Bundle 5: Iowa’s Changing Land Use

Tier 2: Human interactions with the land

Tier 2: Human interactions with the land

Objective:

The objective of Tier 2 is for students to learn about ecosystem services and benefits that come from land and landscapes.  Furthermore, students need to learn about “how increases in human population and per-capita consumption of natural resources impact Earth’s systems” (language is from MS-ESS3-4).

Overview:

To achieve this objective, we present two case studies that illustrate ecosystem services, and how those ecosystem services are changed by human development. Students will begin by confronting one of two local phenomena.  The first phenomenon or case study involves the links between karst topography (shallow limestone and dolomite surface rock) and drinking water quality. Karst topography is common in northeast Iowa and occurs in conjunction with sinkholes, which capture media attention and student interest. In the second option, students consider the tradeoffs between local development of land, and the loss of ecosystem services or benefits provided by the land prior to development.   These options can both be covered sequentially, or one can be chosen over the other.

Big questions:

  • What does it mean to develop land?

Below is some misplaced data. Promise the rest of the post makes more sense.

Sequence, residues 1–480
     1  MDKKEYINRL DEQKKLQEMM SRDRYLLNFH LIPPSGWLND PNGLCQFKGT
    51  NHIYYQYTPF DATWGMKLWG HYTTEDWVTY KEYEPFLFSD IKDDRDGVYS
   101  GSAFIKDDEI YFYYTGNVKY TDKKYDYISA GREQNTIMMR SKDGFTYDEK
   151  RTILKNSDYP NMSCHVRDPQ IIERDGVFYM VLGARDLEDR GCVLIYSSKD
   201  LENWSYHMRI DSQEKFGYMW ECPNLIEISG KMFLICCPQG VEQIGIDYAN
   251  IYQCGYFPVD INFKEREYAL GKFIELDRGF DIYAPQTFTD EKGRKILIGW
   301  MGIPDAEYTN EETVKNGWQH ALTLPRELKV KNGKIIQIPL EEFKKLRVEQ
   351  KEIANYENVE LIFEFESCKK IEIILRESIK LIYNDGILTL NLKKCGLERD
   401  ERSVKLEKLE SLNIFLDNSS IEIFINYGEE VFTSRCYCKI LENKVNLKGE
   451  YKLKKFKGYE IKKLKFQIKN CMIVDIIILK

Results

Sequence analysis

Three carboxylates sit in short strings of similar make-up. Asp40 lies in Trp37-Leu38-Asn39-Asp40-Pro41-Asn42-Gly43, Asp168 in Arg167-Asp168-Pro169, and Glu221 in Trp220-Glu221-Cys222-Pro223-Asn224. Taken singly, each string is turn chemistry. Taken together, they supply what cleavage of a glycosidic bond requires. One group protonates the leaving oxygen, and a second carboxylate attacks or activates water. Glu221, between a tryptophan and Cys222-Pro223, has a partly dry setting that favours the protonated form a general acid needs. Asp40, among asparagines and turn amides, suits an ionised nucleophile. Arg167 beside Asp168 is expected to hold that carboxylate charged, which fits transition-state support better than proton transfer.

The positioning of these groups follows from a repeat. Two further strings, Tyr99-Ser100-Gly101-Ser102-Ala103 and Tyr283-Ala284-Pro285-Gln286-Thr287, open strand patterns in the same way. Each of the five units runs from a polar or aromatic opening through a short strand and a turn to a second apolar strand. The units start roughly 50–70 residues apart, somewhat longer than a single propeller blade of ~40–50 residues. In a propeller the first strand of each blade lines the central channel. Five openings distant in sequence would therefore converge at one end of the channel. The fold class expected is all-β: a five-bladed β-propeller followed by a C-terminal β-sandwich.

• What natural resources must a community use as their population grows?
  • What are the limitations on our consumption?
  • What are our individual and societal needs, desires, and values? How do they manifest in natural resource use?
  • How do humans benefit from ecosystem services?
  • What are the scientific, economic, and social considerations for development?

Standards addressed:

MS-ESS2-4 Develop a model to describe the cycling of water through Earth’s systems driven by energy from the sun and the force of gravity.
MS-ESS3-3  Apply scientific principles to design a method for monitoring and minimizing a human impact on the environment.
MS-ESS3-4
Construct an argument supported by evidence for how increases in human population and per-capita consumption of natural resources impact Earth’s systems.
MS-ESS3-5  Ask questions to clarify evidence of the factors that have caused the rise in global temperatures over the past century.
MS-LS2-5
 Evaluate competing design solutions for maintaining biodiversity and ecosystem services.
MS-LS4-4
 Construct an explanation based on evidence that describes how genetic variations of traits in a population increase some individuals’ probability of surviving and reproducing in a specific environment.
MS-PS3-3  Apply scientific principles to design, construct, and test a device that either minimizes or maximizes thermal energy transfer.
MS-PS4-3  Integrate qualitative scientific and technical information to support the claim that digitized signals are a more reliable way to encode and transmit information than analog signals.
Science and Engineering
Crosscutting Concepts

Tier in depth:

Option 1:  Karst Topography, Drinking Water, and Sinkholes